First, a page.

RESPONDING TO PARTNERŐS OVERCALL
By Tony Russ
When partner overcalls he may have anything from 7 to 17 points. The only sure thing is that he has at least a five card suit. By the way I would always prefer to overcall rather than to double with single suited top end hands. What am I to do if I have 16 points and 6 spades and the bidding goes:
West North (me) East South
1H Double 4H Pass
South can hardly be expected to bid with say 8 pts and 3 spades but is much more likely to compete knowing about my long spades. Also the most likely place to have a fit is in my longest suit so I think itŐs best to bid it so as to compete for the part score effectively. Doubling suggests shortage in their suit and reasonable support for all the others and not a single suited hand.
So how does one respond to an overcall when the points range is so wide?
One approach is to base direct suit raises purely on the number of trumps held. For example if partner overcalls 1S, I will raise to 2S holding three trumps, to 3S holding four trumps and to 4S holding five or more trumps regardless of the number of points held (but taking adverse vulnerability into account) This method is based on the Law of Total Tricks from which comes the Law of Total Trumps which suggests that you are safe to bid to the level of the number of trumps held between the two hands. More of this in a future edition.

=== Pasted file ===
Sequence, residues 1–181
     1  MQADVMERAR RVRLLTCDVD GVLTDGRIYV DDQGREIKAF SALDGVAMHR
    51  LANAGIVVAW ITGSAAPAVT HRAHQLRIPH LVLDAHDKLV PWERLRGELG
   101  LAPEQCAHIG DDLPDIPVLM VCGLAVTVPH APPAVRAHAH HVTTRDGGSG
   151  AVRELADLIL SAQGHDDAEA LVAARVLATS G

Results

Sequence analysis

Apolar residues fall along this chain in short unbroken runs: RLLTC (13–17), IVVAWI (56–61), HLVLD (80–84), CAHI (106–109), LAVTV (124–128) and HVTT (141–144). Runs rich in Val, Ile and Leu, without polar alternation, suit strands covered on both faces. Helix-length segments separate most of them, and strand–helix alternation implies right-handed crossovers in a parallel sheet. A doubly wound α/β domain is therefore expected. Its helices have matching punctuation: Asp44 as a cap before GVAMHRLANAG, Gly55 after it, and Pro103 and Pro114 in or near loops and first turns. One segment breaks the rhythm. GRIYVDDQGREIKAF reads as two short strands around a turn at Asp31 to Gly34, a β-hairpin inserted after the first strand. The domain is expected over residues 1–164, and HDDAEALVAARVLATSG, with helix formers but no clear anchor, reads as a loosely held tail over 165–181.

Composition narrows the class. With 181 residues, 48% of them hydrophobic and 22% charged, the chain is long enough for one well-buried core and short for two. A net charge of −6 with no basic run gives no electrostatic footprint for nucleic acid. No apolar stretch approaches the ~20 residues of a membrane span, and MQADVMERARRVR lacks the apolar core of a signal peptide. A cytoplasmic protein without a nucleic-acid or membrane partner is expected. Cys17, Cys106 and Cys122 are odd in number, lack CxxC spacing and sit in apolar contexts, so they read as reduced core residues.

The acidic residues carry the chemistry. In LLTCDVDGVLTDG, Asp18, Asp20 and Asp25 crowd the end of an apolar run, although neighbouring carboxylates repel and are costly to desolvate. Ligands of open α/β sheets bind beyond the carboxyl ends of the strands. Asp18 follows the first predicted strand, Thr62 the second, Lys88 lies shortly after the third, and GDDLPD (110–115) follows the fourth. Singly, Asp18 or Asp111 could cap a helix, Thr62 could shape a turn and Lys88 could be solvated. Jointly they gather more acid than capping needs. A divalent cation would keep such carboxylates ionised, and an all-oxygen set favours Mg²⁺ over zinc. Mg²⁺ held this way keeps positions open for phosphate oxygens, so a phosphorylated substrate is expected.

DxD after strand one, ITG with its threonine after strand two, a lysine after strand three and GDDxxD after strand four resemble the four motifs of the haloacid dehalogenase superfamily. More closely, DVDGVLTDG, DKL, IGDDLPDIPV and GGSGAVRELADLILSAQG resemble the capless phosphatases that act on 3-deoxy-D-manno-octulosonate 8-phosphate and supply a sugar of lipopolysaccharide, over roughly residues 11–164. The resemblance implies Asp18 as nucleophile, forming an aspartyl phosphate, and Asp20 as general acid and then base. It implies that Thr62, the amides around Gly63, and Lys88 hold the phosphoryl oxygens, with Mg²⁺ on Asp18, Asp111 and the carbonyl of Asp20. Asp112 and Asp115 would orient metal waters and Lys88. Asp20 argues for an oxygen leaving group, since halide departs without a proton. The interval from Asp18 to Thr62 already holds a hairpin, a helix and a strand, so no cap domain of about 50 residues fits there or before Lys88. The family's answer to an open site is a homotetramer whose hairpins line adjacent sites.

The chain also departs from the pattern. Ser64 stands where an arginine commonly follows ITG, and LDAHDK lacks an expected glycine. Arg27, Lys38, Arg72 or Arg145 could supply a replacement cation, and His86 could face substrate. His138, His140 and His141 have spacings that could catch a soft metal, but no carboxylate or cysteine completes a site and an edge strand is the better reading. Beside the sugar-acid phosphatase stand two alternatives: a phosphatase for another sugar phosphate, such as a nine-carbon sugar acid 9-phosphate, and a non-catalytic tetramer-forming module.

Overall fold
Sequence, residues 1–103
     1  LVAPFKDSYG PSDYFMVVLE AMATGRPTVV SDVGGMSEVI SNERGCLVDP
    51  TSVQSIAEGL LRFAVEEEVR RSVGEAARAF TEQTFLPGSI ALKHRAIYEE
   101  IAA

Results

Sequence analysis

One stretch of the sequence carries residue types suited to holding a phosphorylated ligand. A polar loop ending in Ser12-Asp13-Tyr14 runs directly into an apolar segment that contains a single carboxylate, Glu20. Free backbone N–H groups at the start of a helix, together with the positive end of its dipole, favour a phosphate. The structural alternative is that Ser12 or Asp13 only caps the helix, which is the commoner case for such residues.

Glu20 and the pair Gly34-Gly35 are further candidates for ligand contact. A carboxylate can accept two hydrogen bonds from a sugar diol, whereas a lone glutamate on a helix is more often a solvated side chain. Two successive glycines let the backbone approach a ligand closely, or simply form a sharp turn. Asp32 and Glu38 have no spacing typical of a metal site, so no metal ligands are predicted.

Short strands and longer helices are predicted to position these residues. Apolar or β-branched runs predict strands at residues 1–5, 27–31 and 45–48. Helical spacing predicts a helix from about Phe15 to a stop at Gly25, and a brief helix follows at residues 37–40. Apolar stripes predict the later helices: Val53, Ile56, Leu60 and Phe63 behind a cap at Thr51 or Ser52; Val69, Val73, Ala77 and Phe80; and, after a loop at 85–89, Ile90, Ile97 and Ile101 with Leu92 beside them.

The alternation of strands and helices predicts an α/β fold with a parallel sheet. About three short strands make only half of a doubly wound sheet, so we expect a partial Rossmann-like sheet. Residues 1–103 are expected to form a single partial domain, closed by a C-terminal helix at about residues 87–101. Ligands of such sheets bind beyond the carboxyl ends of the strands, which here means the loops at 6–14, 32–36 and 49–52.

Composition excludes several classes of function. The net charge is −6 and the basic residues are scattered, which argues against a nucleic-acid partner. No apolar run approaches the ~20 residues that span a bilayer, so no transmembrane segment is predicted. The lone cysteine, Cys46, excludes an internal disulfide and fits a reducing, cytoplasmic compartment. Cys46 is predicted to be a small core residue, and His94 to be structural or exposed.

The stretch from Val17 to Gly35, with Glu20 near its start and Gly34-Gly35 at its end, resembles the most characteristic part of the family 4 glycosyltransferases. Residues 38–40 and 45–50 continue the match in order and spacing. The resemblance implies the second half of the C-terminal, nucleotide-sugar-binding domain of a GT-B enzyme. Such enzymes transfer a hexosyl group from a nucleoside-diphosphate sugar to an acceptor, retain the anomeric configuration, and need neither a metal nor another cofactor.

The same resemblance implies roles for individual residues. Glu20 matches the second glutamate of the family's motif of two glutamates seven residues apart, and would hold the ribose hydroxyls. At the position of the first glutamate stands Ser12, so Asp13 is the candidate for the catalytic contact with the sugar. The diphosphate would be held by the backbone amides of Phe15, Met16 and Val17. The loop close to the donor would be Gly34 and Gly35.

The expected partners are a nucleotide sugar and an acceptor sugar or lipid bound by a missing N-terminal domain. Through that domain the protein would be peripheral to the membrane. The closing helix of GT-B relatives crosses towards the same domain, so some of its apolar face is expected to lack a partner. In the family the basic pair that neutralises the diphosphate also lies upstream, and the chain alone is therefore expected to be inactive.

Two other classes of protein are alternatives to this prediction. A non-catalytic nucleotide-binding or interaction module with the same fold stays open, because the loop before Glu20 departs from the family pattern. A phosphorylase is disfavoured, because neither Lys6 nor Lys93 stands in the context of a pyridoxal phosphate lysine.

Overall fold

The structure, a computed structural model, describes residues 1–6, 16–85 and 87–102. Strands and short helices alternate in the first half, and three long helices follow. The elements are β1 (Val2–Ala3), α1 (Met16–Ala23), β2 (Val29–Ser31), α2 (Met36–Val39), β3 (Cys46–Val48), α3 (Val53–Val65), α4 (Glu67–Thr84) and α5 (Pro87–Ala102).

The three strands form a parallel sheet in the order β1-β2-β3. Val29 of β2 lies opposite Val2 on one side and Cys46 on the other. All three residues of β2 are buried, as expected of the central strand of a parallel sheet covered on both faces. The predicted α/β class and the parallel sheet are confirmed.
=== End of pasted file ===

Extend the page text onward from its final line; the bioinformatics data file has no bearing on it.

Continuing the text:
Without such trump support and with game interest we need to discover whether partner has a good overcall or a Ôbag of nailsŐ. We can use the ridiculously named Unassuming Cue Bid for this purpose. Say left hand opponent (LHO) opens 1C, partner overcalls 1S and RHO passes. What would 2C from you mean? Well if you play UCBs it suggests some support for partner and asks him to reveal the strength of his hand. A simple rebid of his overcall at the lowest level would indicate the bag of nails. Anything else suggests a decent overcall.
What do you do with a decent hand but little support for partnerŐs suit? It depends on how you treat a change of suit after the overcall. If this is not forcing then you must either pass or use the UCB without the required support of partnerŐs suit. This is OK if you are strong enough to bid on in any case. I prefer to treat a change of suit after an overcall as a one round force. After all it is not illegal for partner to have support for my suit as well as one of his own.
And what about a 1NT response to partnerŐs overcall? Realising that he may (usually will) be short of an opening bid by as much as 5 points I suggest that you add at least four points onto your normal requirements of a 1NT response to an opening bid. So if your 1NT response to partnerŐs opening1H shows 6-9 points I suggest that after an overcall of 1H it should show 10-13 points.
This is a very brief summary of a big topic and I hope to enlarge on it in future editions but I would be interested to hear and to publish your views too.